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Decision looms: Judge will decide Pier 6 towers’ fate after litigants refuse to compromise during last arguments

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It’s in her hands.

The fate of two polarizing towers set to rise at Pier 6 in Brooklyn Bridge Park is now up to the judge that took over the seven-months-long case in August, who failed to broker a second closed-door deal between litigants on Tuesday before their last court appearance on Wednesday.

Justice Carmen Victoria St. George listened intently as attorneys for civic group the Brooklyn Heights Association, who filed suit against the green space’s honchos last July, and the park and its developers went tit-for-tat before the bench, even giving them the gift of more time when she twice delayed what were supposed to be final arguments. And now that everything is on the table, all the litigants can do is sit and wait for her decision, according to the Heights Association’s lawyer.

“We had a very full and fair opportunity to argue our position with Justice St. George and we look forward to getting her ruling,” said Richard Ziegler.

The legal eagles first appeared in the judge’s courtroom on Nov. 2 — months after she took over the matter from Justice Lucy Billings, who said she had to pass it off because she was assigned to another case. Over the course of four days, attorneys representing park honchos and the developers who want to erect the 15 and 28-story towers at the foot of Atlantic Avenue repeated their arguments that the high-rises will generate revenue necessary for the cash-strapped green space to restore the timber piles that support Pier 6, which crustaceans are gnawing away.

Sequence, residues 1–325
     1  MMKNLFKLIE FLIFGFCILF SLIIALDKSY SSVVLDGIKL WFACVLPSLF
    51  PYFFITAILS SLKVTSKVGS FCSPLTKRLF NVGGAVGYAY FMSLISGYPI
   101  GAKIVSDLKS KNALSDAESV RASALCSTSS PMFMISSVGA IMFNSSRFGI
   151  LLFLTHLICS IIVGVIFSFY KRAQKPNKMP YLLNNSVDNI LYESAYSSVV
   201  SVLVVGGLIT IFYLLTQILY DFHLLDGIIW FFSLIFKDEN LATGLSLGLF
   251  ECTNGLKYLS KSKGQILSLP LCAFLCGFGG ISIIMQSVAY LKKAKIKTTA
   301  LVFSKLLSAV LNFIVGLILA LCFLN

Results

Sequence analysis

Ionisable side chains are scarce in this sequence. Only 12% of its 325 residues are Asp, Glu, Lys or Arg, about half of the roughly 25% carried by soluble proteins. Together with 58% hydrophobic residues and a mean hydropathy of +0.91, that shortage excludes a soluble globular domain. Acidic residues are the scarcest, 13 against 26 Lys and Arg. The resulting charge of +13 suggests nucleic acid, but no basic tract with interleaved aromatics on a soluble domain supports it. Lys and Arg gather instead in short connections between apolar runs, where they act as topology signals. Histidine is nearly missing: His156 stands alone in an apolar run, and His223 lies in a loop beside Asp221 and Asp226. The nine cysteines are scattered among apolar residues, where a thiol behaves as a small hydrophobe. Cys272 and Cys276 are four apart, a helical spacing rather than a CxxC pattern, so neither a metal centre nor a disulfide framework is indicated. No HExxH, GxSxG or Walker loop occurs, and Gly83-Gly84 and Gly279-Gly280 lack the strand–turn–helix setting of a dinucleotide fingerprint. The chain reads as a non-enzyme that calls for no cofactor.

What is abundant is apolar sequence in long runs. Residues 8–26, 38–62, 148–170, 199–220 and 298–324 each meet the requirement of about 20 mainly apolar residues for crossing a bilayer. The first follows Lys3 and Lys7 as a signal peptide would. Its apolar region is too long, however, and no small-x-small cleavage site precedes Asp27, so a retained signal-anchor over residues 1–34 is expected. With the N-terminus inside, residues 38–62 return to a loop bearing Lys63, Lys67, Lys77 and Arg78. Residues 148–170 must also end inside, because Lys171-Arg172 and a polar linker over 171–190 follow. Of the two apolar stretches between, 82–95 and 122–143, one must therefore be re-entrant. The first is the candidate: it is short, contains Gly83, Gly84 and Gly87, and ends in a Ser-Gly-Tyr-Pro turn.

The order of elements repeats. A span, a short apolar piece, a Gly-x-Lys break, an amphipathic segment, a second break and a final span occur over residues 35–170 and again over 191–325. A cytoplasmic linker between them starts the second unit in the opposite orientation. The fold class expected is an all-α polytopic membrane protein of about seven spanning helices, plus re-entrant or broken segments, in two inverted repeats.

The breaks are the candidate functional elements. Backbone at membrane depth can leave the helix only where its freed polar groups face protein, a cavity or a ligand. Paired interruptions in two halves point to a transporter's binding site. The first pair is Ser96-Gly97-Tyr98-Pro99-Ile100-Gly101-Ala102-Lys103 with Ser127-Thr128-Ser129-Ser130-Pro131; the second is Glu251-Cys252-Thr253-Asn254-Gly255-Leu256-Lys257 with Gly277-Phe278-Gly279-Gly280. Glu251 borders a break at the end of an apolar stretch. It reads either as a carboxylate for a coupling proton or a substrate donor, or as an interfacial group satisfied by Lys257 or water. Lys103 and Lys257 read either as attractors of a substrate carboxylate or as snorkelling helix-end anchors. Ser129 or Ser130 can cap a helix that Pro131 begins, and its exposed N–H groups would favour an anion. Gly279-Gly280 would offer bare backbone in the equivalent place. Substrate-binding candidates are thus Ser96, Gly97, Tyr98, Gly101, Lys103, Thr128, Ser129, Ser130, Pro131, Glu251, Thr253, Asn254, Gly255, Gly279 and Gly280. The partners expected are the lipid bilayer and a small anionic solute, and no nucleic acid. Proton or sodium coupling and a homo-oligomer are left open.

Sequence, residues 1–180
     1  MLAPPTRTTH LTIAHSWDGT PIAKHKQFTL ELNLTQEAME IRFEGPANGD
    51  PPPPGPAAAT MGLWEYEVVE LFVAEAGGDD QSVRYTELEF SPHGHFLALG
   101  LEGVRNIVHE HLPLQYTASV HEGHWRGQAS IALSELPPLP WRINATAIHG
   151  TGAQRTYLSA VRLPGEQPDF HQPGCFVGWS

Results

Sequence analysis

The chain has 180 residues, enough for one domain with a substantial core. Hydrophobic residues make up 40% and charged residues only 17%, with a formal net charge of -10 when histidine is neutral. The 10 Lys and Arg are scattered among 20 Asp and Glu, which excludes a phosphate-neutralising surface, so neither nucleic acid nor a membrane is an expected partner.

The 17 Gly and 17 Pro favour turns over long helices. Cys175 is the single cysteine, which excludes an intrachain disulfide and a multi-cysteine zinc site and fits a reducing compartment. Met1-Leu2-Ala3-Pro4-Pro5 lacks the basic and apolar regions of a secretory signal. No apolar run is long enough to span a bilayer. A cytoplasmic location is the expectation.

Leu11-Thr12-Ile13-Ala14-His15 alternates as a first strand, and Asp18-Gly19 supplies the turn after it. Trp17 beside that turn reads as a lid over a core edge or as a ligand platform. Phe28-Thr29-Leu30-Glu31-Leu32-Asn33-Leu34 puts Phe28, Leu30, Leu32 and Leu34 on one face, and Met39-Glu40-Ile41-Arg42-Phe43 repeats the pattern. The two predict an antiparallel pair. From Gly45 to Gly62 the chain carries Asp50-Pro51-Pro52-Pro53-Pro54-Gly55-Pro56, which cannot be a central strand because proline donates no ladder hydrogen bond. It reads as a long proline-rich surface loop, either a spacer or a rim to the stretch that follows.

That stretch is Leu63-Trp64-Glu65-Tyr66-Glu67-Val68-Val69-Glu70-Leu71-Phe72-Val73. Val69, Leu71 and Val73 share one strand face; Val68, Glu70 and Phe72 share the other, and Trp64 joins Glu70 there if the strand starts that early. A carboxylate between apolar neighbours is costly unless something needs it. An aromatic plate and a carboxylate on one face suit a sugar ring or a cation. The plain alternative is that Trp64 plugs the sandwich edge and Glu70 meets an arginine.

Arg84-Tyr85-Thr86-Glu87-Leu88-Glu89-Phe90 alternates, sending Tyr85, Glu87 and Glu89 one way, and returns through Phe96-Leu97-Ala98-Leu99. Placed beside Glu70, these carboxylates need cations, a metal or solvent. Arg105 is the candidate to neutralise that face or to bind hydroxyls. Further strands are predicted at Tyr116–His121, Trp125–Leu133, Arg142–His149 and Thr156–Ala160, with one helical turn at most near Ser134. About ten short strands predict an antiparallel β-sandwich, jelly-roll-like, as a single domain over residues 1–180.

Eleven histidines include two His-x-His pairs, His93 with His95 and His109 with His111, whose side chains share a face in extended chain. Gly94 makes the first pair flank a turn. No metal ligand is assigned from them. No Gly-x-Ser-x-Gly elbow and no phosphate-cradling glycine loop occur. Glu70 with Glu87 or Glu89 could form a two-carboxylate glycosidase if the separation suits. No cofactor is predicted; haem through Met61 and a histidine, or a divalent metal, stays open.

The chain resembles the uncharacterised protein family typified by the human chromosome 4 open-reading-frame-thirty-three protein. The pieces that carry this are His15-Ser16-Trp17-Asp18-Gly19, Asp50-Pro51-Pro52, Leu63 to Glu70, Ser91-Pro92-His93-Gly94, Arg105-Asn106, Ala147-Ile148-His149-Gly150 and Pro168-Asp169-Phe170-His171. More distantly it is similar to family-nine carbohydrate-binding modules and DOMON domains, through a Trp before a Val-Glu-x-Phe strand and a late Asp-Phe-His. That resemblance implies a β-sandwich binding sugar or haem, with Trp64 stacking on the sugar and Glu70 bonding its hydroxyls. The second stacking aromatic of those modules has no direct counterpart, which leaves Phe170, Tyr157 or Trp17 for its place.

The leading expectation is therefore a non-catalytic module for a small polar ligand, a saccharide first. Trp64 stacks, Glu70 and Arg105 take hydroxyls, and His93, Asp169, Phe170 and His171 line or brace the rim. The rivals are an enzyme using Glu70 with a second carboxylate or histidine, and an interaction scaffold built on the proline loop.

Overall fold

And across the aisle, the civic group’s lawyers reiterated their claims that the meadow’s coffers are flush with cash, that park officials violated their own terms for choosing the towers’ developers, and that the shorter high-rise — which would contain 100 units of so-called affordable housing — violates Brooklyn Bridge Park’s 2006 General Project Plan, an operating agreement that requires development parcels within the green space turn a profit.

And St. George continued to push for a compromise even as the attorneys firmly stood their ground, more than once asking the developers’ lawyers why they couldn’t just scrap the tower with affordable housing during the last two days of arguments.

“Why is tower B necessary? It’s still a question on my mind, and why I really spoke to you all about coming to an attempt to resolve the matter with just one big tower,” she said on Tuesday.

But forgoing the shorter high-rise would not allow the development to bring in enough cash, according to a lawyer for the park.

“Physically it could be done, but not economical­ly,” said Hayley Stein.

Meadow honchos applauded their attorneys performance following Wednesday’s session, saying they too await the final decision.

“We’re pleased to have presented our case, and now look forward to the judge’s ruling,” said Eric Landau, president of the Brooklyn Bridge Park Corporation.

There is no deadline for St. George to issue her ruling, which will be announced on the state’s court-system website. And construction on the towers proceeds in the meantime, as stipulated by Justice Billings’ July ruling that it could continue during the ongoing case.

Reach reporter Julianne Cuba at (718) 260–4577 or by e-mail at jcuba@cnglocal.com. Follow her on Twitter @julcuba.
Posted 12:00 am, November 16, 2017
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Reasonable discourse